The last few days have seen repeated disruptions in Parliament. In an Opinion Editorial published in the Indian Express, Chakshu Roy of PRS Legislative Research discusses the impact of the current disruptions on Parliament. His analysis points to how disruptions are an opportunity lost to hold the government accountable and to deliberate on significant legislative and policy issues. The second half of the budget session commenced last week with hardly any business transacted due to disruptions on different issues. This is not new. The 15th Lok Sabha has seen entire parliamentary sessions lost without any work being done. As it nears the end of its term, Parliament's productive time stands at 70 per cent, which is significantly lower than that of previous Lok Sabhas. As disruptions in Parliament have become routine, public reaction to such disruptions has also become predictable. Figures depicting the quantum of taxpayers' money lost every hour that Parliament does not function start doing the rounds, and the cry for docking the salary of disrupting members of Parliament becomes louder. What does not get adequate attention is the opportunity lost for holding the government accountable and deliberating on important legislative and policy issues. MPs are required to keep the government in check and oversee its functioning. One of the ways in which they do so is by asking ministers questions about the work done by their ministries. Ministers respond to such questions during the first hour of Parliament, which is known as question hour. During this hour, 20 questions are slotted for oral responses by ministers. Based on the response, MPs can cross-question and corner the minister by asking supplementary questions. On certain occasions, they are also able to extract assurances from the minister to take action on certain issues. When question hour is disrupted, not only are these opportunities lost, it also leads to ineffective scrutiny of the work done by the various ministries of the government. Last week, some of the questions that could not be orally answered related to four-laning of highways, performance of public sector steel companies, supply of food grains for welfare schemes, and generic versions of cancer drugs. In 2012, out of the 146 hours allocated for question hour in both Houses of Parliament, roughly only 57 hours were utilised. Since the beginning of the 15th Lok Sabha in 2009, approximately 43 per cent of the allocated time has been spent on question hour. When Parliament is disrupted regularly, its capacity to make laws is affected. Excluding routine financial legislation, since 2009, the government had planned to introduce 390 bills. So far, it has been able to introduce only 187 of them. It had also planned to have 365 bills scrutinised and passed by Parliament. So far, 96 of them have received parliamentary approval. Disruptions in Parliament also eat into the time available for discussing a bill in the house. In Lok Sabha, roughly 35 per cent of bills were passed with an hour or less of debate, a case being the sexual harassment bill, which was passed by Lok Sabha in September of last year in 16 minutes. Some would argue that since parliamentary committees scrutinise most bills in detail, there is no harm done if the bills are not debated in the House. However scrutiny of a bill behind closed doors is hardly a substitute for spirited debates on the merits and demerits of a bill on the floor of the House. Currently there are 115 bills awaiting parliamentary scrutiny and approval. Important social and economic legislation is currently pending before Parliament. The food security bill, the land acquisition bill, the companies and the goods and services tax bill are just a few of them. Out of the laundry list of pending bills, some are political and may be stuck in Parliament till consensus around them can be built. But there are a number of bills that are administrative in nature, and have no political undercurrents and are possibly not coming up for discussion because of the limited time that is available for legislative debate on account of frequent disruptions. In September 1997, to celebrate the golden jubilee of the country's Independence, a special session of Parliament was convened. At this special session, MPs had resolved to preserve and enhance the dignity of Parliament by adhering to the rules of procedure of Parliament relating to the orderly conduct of parliamentary proceedings. Last year, Parliament completed 60 years since its first sitting. To mark the occasion, another special session of both Houses was convened, where MPs had resolved to uphold the dignity, sanctity and supremacy of Parliament. Ensuring that the proceedings of both Houses run smoothly so that Parliament can discharge its responsibility effectively is the best way of ensuring its supremacy. The question that needs to be asked is whether our members of Parliament are ready to stand by the resolutions that they voluntarily adopted.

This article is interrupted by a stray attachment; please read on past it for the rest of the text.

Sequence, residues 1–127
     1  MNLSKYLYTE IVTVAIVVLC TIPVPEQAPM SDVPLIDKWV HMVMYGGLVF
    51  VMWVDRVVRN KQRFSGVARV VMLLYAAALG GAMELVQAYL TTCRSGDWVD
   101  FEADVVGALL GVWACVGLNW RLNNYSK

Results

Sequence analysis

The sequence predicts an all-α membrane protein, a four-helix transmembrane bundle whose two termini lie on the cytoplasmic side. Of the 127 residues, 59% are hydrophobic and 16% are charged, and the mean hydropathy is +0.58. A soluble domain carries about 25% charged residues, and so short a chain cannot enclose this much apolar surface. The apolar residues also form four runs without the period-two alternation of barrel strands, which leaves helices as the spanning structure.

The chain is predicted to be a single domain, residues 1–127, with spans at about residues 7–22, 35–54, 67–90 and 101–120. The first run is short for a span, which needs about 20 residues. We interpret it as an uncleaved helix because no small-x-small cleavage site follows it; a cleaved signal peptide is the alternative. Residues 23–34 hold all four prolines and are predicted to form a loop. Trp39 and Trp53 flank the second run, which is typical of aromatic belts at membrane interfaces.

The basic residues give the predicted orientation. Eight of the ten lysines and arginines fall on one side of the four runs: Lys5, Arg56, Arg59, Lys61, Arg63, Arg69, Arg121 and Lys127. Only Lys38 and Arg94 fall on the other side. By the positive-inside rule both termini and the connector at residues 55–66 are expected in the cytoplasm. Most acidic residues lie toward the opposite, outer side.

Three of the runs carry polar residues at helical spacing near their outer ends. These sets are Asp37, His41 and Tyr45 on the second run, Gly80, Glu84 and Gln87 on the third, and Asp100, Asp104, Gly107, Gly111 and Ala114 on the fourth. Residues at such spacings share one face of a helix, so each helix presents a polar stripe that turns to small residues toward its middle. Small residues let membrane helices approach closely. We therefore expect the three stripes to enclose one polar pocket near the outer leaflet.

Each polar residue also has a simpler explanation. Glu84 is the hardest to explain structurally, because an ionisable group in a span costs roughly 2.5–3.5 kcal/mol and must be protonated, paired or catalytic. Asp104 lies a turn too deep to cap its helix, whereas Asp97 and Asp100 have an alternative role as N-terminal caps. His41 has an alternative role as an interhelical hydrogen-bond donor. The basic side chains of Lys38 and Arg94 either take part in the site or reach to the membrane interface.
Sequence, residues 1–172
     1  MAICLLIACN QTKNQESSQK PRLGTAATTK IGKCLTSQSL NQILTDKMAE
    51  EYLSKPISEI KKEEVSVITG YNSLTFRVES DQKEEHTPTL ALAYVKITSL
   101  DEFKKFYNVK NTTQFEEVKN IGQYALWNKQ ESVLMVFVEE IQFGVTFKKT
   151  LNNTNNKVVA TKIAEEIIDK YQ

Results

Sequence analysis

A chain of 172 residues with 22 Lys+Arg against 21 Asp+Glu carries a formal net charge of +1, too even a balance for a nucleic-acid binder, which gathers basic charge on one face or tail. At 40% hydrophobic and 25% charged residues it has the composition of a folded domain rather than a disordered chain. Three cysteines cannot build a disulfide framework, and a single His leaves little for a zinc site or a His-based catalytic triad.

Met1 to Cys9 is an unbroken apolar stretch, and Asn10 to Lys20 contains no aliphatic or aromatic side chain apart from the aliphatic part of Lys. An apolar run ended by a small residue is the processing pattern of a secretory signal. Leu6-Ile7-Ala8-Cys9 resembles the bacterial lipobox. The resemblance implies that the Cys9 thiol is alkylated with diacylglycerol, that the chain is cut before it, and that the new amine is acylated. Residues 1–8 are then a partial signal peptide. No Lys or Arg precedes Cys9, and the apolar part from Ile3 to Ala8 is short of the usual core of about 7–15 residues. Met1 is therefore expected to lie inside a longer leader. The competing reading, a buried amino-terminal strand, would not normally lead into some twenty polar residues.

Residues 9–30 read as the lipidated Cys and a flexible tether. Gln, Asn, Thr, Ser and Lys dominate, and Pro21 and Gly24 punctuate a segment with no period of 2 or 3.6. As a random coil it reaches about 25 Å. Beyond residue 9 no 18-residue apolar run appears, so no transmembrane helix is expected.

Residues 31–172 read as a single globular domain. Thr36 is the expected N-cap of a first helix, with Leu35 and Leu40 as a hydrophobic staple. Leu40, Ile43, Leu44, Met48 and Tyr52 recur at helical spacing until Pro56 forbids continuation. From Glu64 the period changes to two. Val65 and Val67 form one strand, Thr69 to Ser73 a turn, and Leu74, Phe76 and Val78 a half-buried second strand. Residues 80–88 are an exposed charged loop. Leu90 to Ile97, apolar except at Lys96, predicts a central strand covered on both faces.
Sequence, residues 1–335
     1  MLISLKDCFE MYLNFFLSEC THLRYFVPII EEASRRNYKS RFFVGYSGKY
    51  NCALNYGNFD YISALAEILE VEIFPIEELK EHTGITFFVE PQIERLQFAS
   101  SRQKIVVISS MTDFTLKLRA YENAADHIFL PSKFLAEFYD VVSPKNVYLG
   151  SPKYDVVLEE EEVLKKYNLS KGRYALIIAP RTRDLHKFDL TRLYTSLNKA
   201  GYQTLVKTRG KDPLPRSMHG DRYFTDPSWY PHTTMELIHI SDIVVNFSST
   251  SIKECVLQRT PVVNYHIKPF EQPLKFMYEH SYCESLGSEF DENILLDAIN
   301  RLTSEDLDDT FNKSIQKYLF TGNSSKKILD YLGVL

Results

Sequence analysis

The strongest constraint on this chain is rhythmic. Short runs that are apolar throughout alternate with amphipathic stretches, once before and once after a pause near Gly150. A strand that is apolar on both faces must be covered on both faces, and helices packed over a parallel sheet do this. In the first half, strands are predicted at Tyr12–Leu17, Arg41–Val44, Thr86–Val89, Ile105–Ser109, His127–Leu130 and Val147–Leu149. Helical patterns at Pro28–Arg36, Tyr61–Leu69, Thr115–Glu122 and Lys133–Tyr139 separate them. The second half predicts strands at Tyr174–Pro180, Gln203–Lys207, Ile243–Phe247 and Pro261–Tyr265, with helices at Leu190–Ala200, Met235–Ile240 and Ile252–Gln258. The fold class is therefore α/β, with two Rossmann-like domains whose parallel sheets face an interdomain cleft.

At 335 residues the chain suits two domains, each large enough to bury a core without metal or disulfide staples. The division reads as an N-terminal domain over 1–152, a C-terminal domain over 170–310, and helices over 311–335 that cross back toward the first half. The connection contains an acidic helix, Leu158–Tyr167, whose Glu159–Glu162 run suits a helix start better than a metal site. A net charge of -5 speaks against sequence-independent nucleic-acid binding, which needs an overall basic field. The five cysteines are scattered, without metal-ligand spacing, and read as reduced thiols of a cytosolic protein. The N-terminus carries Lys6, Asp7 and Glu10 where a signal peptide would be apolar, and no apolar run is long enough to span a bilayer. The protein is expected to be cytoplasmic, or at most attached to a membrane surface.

The Monetary Policy Committee (MPC) has decided to conduct an off-cycle meeting today to discuss the failure to meet the inflation target under Section 45ZN of the Reserve Bank of India Act, 1934. As per the Reserve Bank of India Act (RBI), 1934, MPC is required to meet at least four times each year, to discuss the macroeconomic issues in the country, and take policy decisions to address those. This is the second time MPC has conducted an off-cycle meeting in 2022-23. The meeting is scheduled in light of inflation being consistently high for nine consecutive months.